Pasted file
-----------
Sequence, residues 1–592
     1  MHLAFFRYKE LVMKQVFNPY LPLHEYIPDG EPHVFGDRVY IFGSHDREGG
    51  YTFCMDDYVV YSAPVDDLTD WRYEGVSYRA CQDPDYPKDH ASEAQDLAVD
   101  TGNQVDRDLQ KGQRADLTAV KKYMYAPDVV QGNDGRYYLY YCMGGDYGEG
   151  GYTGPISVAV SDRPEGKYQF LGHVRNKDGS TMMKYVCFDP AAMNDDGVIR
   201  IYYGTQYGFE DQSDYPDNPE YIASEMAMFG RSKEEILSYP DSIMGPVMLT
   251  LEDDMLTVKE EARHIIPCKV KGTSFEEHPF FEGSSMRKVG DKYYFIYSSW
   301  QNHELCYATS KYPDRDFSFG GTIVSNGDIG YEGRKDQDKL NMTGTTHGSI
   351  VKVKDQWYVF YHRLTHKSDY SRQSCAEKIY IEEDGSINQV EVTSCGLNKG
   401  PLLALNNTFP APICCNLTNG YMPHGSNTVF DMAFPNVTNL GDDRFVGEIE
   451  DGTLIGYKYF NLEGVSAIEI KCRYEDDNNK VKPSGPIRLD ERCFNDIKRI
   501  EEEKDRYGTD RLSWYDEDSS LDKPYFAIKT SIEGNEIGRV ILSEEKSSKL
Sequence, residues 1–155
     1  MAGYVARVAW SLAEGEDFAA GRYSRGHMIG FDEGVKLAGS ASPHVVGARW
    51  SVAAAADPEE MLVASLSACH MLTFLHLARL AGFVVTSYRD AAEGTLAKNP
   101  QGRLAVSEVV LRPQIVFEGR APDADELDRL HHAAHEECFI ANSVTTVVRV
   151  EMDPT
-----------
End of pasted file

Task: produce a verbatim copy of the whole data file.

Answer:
Sequence, residues 1–592
     1  MHLAFFRYKE LVMKQVFNPY LPLHEYIPDG EPHVFGDRVY IFGSHDREGG
    51  YTFCMDDYVV YSAPVDDLTD WRYEGVSYRA CQDPDYPKDH ASEAQDLAVD
   101  TGNQVDRDLQ KGQRADLTAV KKYMYAPDVV QGNDGRYYLY YCMGGDYGEG
   151  GYTGPISVAV SDRPEGKYQF LGHVRNKDGS TMMKYVCFDP AAMNDDGVIR
   201  IYYGTQYGFE DQSDYPDNPE YIASEMAMFG RSKEEILSYP DSIMGPVMLT
   251  LEDDMLTVKE EARHIIPCKV KGTSFEEHPF FEGSSMRKVG DKYYFIYSSW
   301  QNHELCYATS KYPDRDFSFG GTIVSNGDIG YEGRKDQDKL NMTGTTHGSI
   351  VKVKDQWYVF YHRLTHKSDY SRQSCAEKIY IEEDGSINQV EVTSCGLNKG
   401  PLLALNNTFP APICCNLTNG YMPHGSNTVF DMAFPNVTNL GDDRFVGEIE
   451  DGTLIGYKYF NLEGVSAIEI KCRYEDDNNK VKPSGPIRLD ERCFNDIKRI
   501  EEEKDRYGTD RLSWYDEDSS LDKPYFAIKT SIEGNEIGRV ILSEEKSSKL
Sequence, residues 1–155
     1  MAGYVARVAW SLAEGEDFAA GRYSRGHMIG FDEGVKLAGS ASPHVVGARW
    51  SVAAAADPEE MLVASLSACH MLTFLHLARL AGFVVTSYRD AAEGTLAKNP
   101  QGRLAVSEVV LRPQIVFEGR APDADELDRL HHAAHEECFI ANSVTTVVRV
   151  EMDPT